Slaves of Reason?

Fulvio Di Blasi discusses the free will’s dependence upon the faculty of reason in “Slaves of Reason?”

Thomas Aquinas explains that we have free will because our judgment of reason is never necessitated to just one course of action. Reason, by definition, compares and analyzes possibilities. Therefore, it is intrinsic to how reason knows its object that the former is free and undetermined. It might appear bizarre that Aquinas proves that we have free will by focusing on the object of reason rather than that of the will. The reason he relies on this methodology is that the will is nothing other than the inclination towards the object that is known to be good by reason. Therefore, whenever reason selects the best course of action, the will is necessitated to follow it. It is a common mistake to assume that, based on the above analysis of the will, the latter is not free. The nature of the object of the will is determined by the nature of the cognitive power that provides it, which, as we have said, is reason. Therefore, since reason is by nature free, so too is the will. In other words, since reason is not determined to judge that one option is better than the others, neither is the will determined to choose one option instead of the others.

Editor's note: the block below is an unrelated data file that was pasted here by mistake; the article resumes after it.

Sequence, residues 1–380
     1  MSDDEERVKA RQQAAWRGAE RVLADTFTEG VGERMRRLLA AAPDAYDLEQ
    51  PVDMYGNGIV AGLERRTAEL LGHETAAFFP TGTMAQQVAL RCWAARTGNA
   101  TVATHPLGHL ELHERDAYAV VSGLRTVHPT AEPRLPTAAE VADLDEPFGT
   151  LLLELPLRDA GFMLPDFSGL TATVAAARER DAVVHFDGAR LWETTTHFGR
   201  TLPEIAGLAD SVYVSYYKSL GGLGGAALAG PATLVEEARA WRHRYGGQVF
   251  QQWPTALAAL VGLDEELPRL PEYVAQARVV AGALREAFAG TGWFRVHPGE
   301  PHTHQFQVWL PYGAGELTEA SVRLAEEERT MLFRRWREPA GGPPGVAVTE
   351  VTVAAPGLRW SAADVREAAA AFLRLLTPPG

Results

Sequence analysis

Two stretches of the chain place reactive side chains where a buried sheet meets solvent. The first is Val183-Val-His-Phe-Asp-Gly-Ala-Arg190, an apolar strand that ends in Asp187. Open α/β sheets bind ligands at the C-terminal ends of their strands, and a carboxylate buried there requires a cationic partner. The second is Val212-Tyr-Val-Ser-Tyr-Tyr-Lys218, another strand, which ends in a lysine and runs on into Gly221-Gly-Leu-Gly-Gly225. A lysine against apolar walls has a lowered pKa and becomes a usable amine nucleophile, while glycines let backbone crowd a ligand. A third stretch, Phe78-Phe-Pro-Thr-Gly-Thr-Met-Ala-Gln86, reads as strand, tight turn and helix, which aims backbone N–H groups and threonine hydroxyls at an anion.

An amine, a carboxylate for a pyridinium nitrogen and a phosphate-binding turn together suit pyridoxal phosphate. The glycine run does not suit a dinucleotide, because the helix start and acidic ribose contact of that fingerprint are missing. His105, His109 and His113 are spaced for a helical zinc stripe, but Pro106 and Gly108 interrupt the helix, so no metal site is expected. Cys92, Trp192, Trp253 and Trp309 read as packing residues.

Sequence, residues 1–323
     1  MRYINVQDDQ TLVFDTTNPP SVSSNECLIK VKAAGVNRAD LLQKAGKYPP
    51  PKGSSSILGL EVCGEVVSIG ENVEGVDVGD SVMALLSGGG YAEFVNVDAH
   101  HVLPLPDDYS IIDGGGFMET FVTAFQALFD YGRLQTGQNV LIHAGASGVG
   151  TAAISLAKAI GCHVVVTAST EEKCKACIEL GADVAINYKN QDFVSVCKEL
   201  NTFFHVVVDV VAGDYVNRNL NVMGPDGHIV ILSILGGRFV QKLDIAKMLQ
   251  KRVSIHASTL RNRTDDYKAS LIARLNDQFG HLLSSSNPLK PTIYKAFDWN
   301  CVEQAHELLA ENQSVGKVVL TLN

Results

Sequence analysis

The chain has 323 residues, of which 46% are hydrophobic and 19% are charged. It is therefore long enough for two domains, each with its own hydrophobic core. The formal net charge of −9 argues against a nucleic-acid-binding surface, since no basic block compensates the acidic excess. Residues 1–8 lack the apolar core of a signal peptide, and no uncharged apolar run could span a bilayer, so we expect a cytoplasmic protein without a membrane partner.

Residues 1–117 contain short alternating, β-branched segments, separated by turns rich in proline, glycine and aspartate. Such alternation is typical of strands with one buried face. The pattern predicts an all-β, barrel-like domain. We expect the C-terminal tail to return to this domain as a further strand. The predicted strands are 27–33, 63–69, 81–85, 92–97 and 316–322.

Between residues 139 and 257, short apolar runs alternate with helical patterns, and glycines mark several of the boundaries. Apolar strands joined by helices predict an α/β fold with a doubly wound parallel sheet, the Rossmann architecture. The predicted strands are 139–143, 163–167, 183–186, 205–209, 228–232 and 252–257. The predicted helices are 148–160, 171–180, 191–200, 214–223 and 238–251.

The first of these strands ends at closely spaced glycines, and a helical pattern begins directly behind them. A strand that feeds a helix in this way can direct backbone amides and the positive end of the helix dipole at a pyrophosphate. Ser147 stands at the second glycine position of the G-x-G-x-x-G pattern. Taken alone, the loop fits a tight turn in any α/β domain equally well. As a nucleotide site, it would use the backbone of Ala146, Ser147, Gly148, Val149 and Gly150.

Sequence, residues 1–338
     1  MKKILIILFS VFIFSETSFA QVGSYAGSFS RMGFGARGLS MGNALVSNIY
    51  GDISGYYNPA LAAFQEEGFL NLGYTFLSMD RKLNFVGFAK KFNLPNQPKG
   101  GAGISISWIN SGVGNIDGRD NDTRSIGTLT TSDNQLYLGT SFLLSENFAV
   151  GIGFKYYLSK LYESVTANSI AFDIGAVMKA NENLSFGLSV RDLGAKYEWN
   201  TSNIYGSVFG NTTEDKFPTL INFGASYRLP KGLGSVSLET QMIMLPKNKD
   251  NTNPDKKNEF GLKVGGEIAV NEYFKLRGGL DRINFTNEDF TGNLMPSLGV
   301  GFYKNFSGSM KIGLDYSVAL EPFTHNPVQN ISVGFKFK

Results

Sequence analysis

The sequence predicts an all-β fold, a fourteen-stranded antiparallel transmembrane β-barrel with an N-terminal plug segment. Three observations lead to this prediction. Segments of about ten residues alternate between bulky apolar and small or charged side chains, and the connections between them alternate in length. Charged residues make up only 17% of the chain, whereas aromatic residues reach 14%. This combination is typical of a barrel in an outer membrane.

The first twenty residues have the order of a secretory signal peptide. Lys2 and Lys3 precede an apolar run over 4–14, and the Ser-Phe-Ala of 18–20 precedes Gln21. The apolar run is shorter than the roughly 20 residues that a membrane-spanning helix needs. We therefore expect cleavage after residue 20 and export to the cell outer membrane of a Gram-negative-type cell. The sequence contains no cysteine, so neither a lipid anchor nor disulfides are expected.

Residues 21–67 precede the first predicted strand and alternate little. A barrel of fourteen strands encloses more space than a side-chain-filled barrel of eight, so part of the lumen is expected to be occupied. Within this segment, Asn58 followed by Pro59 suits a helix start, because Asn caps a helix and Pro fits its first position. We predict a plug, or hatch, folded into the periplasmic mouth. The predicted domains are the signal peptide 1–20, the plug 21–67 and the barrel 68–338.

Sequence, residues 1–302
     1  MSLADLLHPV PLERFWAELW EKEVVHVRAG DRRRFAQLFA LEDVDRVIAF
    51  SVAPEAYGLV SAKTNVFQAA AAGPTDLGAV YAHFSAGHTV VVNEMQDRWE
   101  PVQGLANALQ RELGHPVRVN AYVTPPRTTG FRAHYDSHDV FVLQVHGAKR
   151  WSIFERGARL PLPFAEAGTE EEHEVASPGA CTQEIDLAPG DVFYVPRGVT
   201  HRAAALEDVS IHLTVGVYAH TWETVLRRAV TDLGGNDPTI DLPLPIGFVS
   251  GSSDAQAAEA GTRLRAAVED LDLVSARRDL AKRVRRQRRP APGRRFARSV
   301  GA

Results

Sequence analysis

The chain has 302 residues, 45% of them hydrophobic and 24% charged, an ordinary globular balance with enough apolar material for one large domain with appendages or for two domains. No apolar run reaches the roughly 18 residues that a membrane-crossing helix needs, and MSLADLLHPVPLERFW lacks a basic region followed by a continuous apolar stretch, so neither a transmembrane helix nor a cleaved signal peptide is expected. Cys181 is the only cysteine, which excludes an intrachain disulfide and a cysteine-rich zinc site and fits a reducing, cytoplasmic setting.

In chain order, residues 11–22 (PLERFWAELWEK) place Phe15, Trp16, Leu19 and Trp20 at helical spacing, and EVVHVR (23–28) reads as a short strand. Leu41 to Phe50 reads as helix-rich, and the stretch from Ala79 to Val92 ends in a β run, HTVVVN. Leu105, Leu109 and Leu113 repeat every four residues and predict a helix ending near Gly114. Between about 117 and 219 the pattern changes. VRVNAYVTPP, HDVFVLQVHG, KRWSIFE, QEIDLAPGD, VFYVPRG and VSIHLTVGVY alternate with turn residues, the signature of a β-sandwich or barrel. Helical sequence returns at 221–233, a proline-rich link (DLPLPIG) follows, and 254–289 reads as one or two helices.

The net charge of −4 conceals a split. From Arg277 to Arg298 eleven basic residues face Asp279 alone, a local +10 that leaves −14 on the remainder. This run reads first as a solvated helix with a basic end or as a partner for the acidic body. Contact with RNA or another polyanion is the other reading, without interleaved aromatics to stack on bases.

DR. FULVIO DI BLASI IS AN INTERNATIONALLY RENOWNED SCHOLAR IN THE FIELD OF MORAL PHILOSOPHY, NATURAL LAW THEORY, AND THOMISTIC PHILOSOPHY. HE IS FOUNDER AND PRESIDENT OF THE THOMAS INTERNATIONAL PROJECT, PRESIDENT OF THE THOMAS INTERNATIONAL ASSOCIATION IN ITALY, AND DIRECTOR OF THE THOMAS INTERNATIONAL CENTER IN RALEIGH, NC.